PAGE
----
Skip to main content

Apr 6 2009

Motivational quote: "Error is just as important a condition of life as truth." -Carl Jung

Thought #1: I really wanted to just rip this quote as being just wrong. But I realized something: Jung is, to a certain extent, right. A portion of how we understand truth is by knowing what is false. And we learn from errors, oftentimes better than from being right.

Thought #2: The other thing he's doing is affirming that there is such a thing as 'error.' Not everything is right. Now, I only took General Psychology, so I don't know the finer points of Jungian Psychology, except that he's influential enough to have his own branch of a science. He may not have really thought that way, but we're dealing with this one quote. Error is real, you can be wrong.

Thought #3: Error as a condition of life is important, and approaches balancing with truth. But truth is, God is bigger than error, and a balanced dualism is not the state of the universe. Ultimately, God wins.

Prayer: Heavenly Father, let me not praise You as the crowds did that day in Jerusalem, but let me not fail to exalt you either. give me the strength to let my whole heart freely praise while my life is used for your glory.

Matthew 28:6 ->One of the great 'told you so' moments in Scripture. Risen, just as He said! I think the angel might have considered throwing 'duh' on there! Every thing He said is true. Remember that.

Matthew 28:7 ->Angels only provide the message they were given. That the angel said He was going to Galilee doesn't prevent the Sovereign Lord from showing up in Jerusalem.

Proverbs 6:30-31(NLT) ->Even need doesn't prevent punishment for crime.

Proverbs 6:1-5(NLT) ->Don't risk your credit, or your credibility, for others. Especially when you don't have experience with what they're going to use it for!

1 Timothy 3:15 ->The church is the pillar of truth. The support, the upholding, the standing example of truth in our culture. Nothing else should come close to what the church demonstrates.

1 Timothy 3:15 ->You would think Timothy would know how to conduct himself, he's traveled with Paul! He had been through trials, been through a lot of the highs and lows. So this admonition? That everyone needs a reminder, and that inspired Scripture always has something to say.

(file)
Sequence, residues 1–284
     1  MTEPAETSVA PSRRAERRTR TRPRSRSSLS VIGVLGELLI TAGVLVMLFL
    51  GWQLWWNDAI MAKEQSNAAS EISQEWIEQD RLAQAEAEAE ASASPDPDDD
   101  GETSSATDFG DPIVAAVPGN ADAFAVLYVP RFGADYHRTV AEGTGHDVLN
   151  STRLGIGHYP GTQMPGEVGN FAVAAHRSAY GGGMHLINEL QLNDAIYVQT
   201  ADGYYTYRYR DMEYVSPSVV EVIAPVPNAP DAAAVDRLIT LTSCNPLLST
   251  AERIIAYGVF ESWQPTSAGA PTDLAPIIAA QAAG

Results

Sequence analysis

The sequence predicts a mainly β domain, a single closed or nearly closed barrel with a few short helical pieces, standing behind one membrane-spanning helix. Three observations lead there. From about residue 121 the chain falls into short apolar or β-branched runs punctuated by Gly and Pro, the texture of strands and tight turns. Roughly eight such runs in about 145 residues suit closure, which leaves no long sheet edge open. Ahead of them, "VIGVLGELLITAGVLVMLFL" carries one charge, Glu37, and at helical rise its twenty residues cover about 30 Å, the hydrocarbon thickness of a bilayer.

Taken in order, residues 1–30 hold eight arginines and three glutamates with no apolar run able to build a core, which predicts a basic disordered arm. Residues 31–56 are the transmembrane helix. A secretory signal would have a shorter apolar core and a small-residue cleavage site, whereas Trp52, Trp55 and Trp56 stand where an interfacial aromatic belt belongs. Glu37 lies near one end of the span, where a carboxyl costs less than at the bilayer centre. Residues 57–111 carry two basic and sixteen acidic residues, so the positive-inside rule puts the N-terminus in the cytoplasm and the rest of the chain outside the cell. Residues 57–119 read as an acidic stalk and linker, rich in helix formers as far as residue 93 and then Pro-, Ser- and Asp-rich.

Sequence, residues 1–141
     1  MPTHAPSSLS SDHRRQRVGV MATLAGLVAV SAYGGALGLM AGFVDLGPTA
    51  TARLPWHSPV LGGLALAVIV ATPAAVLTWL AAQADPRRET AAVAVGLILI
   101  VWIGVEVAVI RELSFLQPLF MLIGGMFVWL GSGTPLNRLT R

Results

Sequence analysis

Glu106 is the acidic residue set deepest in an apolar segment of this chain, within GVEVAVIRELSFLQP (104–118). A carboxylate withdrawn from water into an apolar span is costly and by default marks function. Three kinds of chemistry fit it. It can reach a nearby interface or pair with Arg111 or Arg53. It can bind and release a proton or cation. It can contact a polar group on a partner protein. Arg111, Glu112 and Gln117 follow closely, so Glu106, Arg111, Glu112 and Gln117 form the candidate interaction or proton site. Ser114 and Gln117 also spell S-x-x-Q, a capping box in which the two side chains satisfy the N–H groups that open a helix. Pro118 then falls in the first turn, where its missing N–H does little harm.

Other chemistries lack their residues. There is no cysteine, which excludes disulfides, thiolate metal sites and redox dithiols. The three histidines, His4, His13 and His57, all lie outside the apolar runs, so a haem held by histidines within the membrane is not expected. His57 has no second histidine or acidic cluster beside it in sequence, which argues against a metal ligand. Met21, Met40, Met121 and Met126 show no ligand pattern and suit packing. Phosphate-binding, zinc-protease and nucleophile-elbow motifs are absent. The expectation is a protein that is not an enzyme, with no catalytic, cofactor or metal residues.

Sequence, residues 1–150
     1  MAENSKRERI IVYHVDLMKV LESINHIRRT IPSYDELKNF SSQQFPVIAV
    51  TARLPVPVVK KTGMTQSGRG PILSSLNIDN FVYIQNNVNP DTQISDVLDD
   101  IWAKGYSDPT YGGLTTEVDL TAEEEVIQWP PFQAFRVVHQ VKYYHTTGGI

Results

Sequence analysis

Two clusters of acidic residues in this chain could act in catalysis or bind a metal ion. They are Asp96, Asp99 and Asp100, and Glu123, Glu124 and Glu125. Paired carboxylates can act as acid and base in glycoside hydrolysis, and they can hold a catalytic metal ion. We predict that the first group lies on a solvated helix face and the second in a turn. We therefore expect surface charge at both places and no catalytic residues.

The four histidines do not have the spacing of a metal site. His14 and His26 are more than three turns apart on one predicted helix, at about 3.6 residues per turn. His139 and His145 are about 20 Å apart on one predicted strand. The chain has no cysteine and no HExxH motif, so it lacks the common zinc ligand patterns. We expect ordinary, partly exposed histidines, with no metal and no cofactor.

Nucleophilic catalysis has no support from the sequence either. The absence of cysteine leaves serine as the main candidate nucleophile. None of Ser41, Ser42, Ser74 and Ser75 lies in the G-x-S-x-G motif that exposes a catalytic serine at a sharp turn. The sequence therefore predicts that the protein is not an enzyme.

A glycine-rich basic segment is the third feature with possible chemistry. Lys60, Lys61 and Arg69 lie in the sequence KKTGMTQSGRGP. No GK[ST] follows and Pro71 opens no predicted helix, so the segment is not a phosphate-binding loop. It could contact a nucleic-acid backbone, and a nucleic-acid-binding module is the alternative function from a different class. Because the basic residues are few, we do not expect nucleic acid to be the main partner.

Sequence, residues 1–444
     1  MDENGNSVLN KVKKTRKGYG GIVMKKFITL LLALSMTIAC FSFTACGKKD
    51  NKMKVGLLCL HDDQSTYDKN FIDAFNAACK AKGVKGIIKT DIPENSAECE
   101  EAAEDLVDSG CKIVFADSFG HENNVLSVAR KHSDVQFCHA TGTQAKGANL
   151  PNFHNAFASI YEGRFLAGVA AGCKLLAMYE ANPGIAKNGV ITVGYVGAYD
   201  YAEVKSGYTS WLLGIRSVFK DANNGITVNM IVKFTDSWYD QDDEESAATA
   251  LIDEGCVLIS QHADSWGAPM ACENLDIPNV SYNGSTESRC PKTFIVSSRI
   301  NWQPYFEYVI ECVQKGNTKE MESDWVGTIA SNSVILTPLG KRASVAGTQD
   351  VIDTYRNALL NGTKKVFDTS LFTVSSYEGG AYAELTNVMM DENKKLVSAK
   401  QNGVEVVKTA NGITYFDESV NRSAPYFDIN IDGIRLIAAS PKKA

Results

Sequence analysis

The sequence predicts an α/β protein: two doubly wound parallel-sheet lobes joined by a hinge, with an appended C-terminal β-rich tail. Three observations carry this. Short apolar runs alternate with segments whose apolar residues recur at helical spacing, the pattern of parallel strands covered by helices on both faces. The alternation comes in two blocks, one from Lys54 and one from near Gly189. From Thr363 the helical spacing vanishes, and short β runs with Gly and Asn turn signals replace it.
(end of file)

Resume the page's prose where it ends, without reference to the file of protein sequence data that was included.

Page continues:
Moving toward the Horizon,
Doug

Comments

  1. Believe me, you're VERY glad you didn't have to study Jung! Thanks for processing through this quote. I was about ready to blast it too (although that might be simply because I DID have to suffer through studying Jung!)

    ReplyDelete
  2. We did a little bit of Jung in Dr. Wight's Gen Psych. I was able to pass it based on the Chicken Joke Study System.

    The Carl Jung answer to 'Why did the chicken cross the road?' included the word 'gestalt' and some other keywords, that allowed me to get him right most of the time.

    ReplyDelete

Post a Comment

To deal with SPAM comments, all comments are moderated. I'm typically willing to post contrary views...but I also only check the list once a day, so if you posted within the last 24 hours, I may not be to it yet.

Popular posts from this blog

Book Review: The Heart Mender by @andyandrews (Andy Andrews)

The Heart Mender: A Story of Second ChancesEver read a book that you just kind of wish is true?  That's my take on The Heart Mender by Andy Andrews.  It's a charming story of love and forgiveness, and it's woven into the historical setting of World War II America.  For the narrative alone, the book is worth the read, but the message it contains is well worth absorbing as well.However, let's drop back a minute.  This book was originally published under the title Island of Saints.  I read Island of Saints and enjoyed it greatly.  Now, Andrews has released it under a new title, with a few minor changes.  All of this is explained in the Author's Note at the beginning, but should be noted for purchaser's sake.  If you read Island of Saints, you're rereading when you read The Heart Mender.  Now, go ahead and reread it.  It will not hurt you one bit.Overall, the story is well-paced.  There are points where I'd like more detail, both in the history and the geog…

Book: By the Waters of Babylon

Worship. It is what the church does as we strive to honor God with our lips and our lives. And then, many churches argue about worship. I have about a half-dozen books on my shelf about worship, but adding Scott Aniol’s By the Waters of Babylon to the shelf has been excellent.

First of all, Aniol’s work is not based on solving a musical debate. While that branch of worship is often the most troublesome in the local church, By the Waters of Babylon takes a broader view. The starting point is the place of the church. That place is a parallel of Psalm 137, where the people of God, Israel, found themselves in a strange land. The people of God, again, find themselves in a strange land.
Second, in summary, the book works logically to the text of Scripture, primarily Psalm 137 but well-filled with other passages. Then it works outward from how the text addresses the problems submitted in the first chapter into how worship, specifically corporate worship, should look in the 21st century Weste…

Sermon Recap for October 14

Here is what you'll find: there is an audio player with the sermon audios built-in to it, just click to find the one you want. You'll also find the embedded Youtube videos of each sermon.If you'd like, you can subscribe to the audio feed here: https://itunes.apple.com/us/podcast/east-end-baptist-church/id387911457?mt=2 for iTunes users. Other audio feeds go here: http://eebcar.libsyn.com/rssThe video is linked on my personal Youtube Page here: https://www.youtube.com/channel/UCJBGluSoaJgYn6PbIklwKaw?view_as=publicSermons are stockpiled here: http://www.doughibbard.com/search/label/SermonsThanks!